Virginia House of Delegates Hides Opposition to Immigrant Rights

Haziel Andrade is a DREAMer, one of millions of young, undocumented immigrants who were brought to the U.S. as children by their parents. She grew up in Northern Virginia just like any other kid in the neighborhood — goofing around in the playground, attending public school and dreaming about her future. Unaware of her immigration status, she believed she would have the same opportunities as her peers. Everything changed when Haziel found out she was undocumented in her mid-teens.


As an undocumented Virginian, Haziel worried about how she would pay for college. Because she was undocumented, she would be charged tuition at three times the rate of an in-state resident.

Two years after President Obama created DACA (Deferred Action for Childhood Arrivals) to give DREAMers relief from deportation and other benefits, Virginia Attorney General Mark Herring decreed that DACA recipients would be eligible for in-state tuition at public colleges and universities in the Commonwealth. More than a thousand undocumented students enrolled in Virginia’s universities after Herring’s decision.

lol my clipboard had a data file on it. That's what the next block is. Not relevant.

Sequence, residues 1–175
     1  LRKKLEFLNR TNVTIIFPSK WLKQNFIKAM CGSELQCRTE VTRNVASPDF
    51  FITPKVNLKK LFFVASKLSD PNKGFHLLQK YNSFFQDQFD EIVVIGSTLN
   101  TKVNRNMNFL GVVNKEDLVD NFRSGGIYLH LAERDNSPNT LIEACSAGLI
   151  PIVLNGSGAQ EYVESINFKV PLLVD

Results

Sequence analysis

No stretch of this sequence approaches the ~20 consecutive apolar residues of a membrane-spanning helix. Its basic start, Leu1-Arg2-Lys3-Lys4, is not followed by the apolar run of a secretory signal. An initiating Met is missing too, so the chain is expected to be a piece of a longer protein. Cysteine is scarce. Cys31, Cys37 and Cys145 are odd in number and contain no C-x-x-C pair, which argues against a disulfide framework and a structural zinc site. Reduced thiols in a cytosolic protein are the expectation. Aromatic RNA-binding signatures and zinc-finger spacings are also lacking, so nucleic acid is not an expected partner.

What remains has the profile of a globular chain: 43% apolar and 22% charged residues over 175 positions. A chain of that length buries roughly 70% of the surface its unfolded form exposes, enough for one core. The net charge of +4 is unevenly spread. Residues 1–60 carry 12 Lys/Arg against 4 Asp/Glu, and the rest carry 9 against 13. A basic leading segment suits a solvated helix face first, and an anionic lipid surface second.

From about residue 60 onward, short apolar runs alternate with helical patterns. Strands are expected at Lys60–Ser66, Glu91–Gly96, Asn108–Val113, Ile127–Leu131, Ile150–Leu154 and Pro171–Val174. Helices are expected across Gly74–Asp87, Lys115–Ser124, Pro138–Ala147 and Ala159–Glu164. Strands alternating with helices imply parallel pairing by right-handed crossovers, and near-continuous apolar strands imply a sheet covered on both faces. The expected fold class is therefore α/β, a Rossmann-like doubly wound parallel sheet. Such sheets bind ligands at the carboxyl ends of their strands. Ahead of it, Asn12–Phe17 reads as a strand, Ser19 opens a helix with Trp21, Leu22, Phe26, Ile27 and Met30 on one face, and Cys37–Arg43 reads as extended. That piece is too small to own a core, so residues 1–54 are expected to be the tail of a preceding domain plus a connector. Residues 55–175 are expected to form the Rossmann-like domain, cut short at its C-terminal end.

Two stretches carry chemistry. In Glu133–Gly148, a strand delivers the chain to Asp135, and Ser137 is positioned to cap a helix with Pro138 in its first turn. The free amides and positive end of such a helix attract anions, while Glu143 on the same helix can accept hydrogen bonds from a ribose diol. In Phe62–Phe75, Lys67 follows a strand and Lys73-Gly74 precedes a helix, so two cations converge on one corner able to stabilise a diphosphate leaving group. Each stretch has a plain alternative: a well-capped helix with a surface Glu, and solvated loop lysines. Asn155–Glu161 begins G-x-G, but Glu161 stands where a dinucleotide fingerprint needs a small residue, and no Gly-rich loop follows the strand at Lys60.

Today, Haziel is a sophomore studying computer science at Virginia Commonwealth University. She’s very concerned about the future of DACA and in-state tuition for Virginia’s undocumented students—including her own ability to continue paying for tuition.

Several bills were introduced at the beginning of this legislative session to grant in-state tuition to undocumented students, including HB11, HB19, HB343, and HB1447. House Speaker Kirk Cox didn’t even give bills related to immigrant rights, including in-state tuition and driving privileges for undocumented Virginians a chance to be debated or voted on. Why? Because conservatives wanted to hide their opposition to these bills by not voting on them at all.

This is not acceptable. In a democracy, everyone has a voice. At the General Assembly, all bills deserve to have a hearing based upon their own merits. Speaker Cox’s actions are an insult to hundreds of thousands of hardworking Virginians who came to this country for better opportunities and contribute to their families and communities in many ways. Conservatives may be trying to hide their stances on issues, but thanks in part to projects like Eyes on Richmond, which focuses on shining a light to the actions of our elected officials, we all now have a better shot at seeing lawmakers in action—for better or for worse.

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